by Rabbi Ellen Jay Lewis
I am the product of a mixed marriage; so are we all. When my parents married, they married not only each other but also two Jewish traditions. In my parents’ marriage, the German Reform tradition of Newark’s B’nai Jeshurun (my mother) merged with the Russian Orthodox tradition of Jersey City’s "Bergen Avenue shul" (my father) and created an observant Reform family. It was a mixed marriage which worked.
I am joking only a little when I claim that both you and I are the products of a mixed marriage. The particular form of my parents’ mixed marriage may differ from yours, but I have observed that every marriage is an intermarriage on some level. Every marriage involves the joining of two people who come from two different families; every marriage has issues which need to be resolved in order to meet the needs of both partners. Each marriage chooses its own arena for conflict. In one marriage, the arena for conflict might be that he likes to get to the airport two hours before flight time, while she prefers to arrive as the plane is taxiing down the runway. In another marriage, the arena for conflict might be that she’s a morning person and he’s a night person, or she’s from the North and he’s from the South.
In a same-faith Jewish marriage, the arena for conflict might be the religious one despite their shared heritage; he might like to go to services while she doesn’t, or she might want to keep kosher and he doesn’t. In interfaith marriages, the arena in which conflicts are acted out is often the religious one; underlying issues get played out in the question of whether to have a Christmas tree or whether to go to Grandma’s for Easter. Even marriages between two Jewish partners contain religious surprises and require understanding and compromise; how much the more so when you are trying to reconcile two divergent faiths in one marriage.
Too often in the press and in common parlance, the issue of intermarriage is reduced to dire statistical predictions about the demise of the Jewish people or to heated debates on why rabbis should or should not officiate at such ceremonies. For the purpose of this article, neither of those issues interests me. Issuing doomsday statements about the future of the Jewish people will not prevent people from intermarrying; trying to persuade rabbis one way or the other will not change what already exists, that is, that there are rabbis who do perform intermarriages and rabbis who do not. What interests me more than who does the interfaith wedding is what happens to the interfaith marriage.
I have been working with interfaith couples for twenty years. In that time, I have discovered that I am not only their teacher, but also their student. My first memory of being taught by an interfaith couple came as a result of my student-rabbi experience in Pittsburgh. "Why are Jewish holidays so depressing?" asked Susan, the Lutheran-born wife of a cantor’s son. "How are Jewish holidays depressing?" I asked her, thinking of the joy of Purim, the awe of the High Holy Days, the freedom of Pesach, the thankfulness of Sukkot. "Well," she said, "Take Passover. We go to my mother-in-law’s house. When my father-in-law died ten years ago, she entered into a state of permanent mourning. She wears dark clothes. The seder is in the dark dining room. All the shades in the house are always drawn. It’s all so depressing." As I listened, I came to understand that it was not Pesach which was depressing, it was her mother-in-law who was depressed. And so from Susan and her husband, I learned my first important lesson from an interfaith couple: There is no such thing as "Judaism" in the abstract; there is only Judaism as people experience it. In a joyful family, Judaism will be expressed joyfully. In a depressed family, any holiday, whether it is Passover or Thanksgiving, will be experienced as depressing.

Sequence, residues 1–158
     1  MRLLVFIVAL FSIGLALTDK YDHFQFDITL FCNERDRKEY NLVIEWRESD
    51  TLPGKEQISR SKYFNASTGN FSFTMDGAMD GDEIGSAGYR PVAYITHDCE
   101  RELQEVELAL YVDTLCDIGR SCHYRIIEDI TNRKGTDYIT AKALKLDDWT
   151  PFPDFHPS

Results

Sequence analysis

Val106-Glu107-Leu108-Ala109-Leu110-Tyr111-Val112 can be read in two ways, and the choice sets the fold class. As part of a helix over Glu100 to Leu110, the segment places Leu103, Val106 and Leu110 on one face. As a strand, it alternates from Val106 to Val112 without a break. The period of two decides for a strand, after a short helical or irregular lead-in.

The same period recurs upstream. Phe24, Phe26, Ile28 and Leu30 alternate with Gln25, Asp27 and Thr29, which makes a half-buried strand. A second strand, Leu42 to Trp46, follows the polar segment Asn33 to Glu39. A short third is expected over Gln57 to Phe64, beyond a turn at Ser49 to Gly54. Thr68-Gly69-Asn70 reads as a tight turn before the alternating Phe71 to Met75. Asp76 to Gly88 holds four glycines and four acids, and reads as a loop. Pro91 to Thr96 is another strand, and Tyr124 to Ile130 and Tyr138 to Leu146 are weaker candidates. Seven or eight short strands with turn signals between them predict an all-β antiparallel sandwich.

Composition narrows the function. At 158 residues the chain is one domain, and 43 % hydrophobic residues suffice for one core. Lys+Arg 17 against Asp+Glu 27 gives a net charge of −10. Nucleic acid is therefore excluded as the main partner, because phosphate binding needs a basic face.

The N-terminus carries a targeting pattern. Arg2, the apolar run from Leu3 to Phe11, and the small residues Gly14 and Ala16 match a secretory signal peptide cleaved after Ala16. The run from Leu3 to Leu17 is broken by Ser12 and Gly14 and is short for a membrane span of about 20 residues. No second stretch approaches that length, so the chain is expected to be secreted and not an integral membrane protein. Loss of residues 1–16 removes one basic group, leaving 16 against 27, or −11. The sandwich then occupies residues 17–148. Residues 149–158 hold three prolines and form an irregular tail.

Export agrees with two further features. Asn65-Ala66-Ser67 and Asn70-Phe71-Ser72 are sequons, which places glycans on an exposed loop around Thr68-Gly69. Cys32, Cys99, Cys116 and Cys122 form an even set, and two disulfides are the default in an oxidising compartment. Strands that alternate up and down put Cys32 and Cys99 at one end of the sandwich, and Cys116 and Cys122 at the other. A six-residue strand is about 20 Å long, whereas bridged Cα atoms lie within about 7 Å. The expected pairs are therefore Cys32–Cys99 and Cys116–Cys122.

My job with them then became clear. Susan needed me to help her understand that Passover is supposed to be a joyful celebration. What is more, her born-Jewish husband needed to learn the same lesson. The congregational seder could offer them a different approach to observing Pesach; "Introduction to Judaism" classes could stimulate them to develop their own family’s way of celebrating the holiday. The Judaism their children will experience will be a joyful Judaism, far different from what their father knew as a child.
I have said that Susan and her husband were the first interfaith couple to teach me something I have found to be useful in working with Jews-by-birth as well as Jews-by-choice. About fifteen years ago, after having continued to work with other interfaith couples, I felt that I had reached the limits of what I could do for them individually. It seemed to me that they had much to learn from each other. I called a psychologist in Dallas where I worked at the time and suggested that together we run a synagogue-sponsored group for interfaith couples. My friend’s goal was to help people learn how to have better marriages; mine was to show them that, as a rabbi and representative of the Jewish community, I cared about them and wanted them to feel comfortable in a Jewish context. Our most basic mutual goal for the group was to provide them with effective communication skills and an arena for discussion of their issues. That first group was so successful that, once I moved up to New Jersey in 1985, I continued running groups for interfaith couples. Once again, I could not have anticipated how much they had to teach us.
There was Arielle, a woman raised as a Protestant whose father had been a non-practicing Jew and whose husband had been raised in Conservative Jewish household. He could never have married a Jewish woman, he said, because he needed to rebel against his parents; but he could never have married a non-Jewish woman because part of him wanted to raise Jewish children. Arielle was a perfect choice for him. She, in turn, wanted to get in touch with the tradition which she saw as the source of warmth and love as a child in her father’s family. She wanted to raise Jewish children who would never have the ambivalent identity with which she had been burdened. When it came time to join a temple, however, it was her husband’s ambivalence which kept delaying the decision. "Don’t rush," she told him at last, "I understand your conflict. I’ll just take the kids by myself down the street to the Unitarian Church until you are ready to join a temple." He joined a temple within the week. This family was not "lost" to Judaism as the statistics might indicate; on the contrary, through the efforts of the then non-Jewish spouse, Judaism gained a whole family. This family taught me a second important lesson: We need to understand and confront the ambivalence of the born-Jewish partner. Working with these couples has taught me that this ambivalence of the Jewish partner is not unusual and crosses denominational lines. It does not belong exclusively or even necessarily to Jews raised in non-Orthodox households.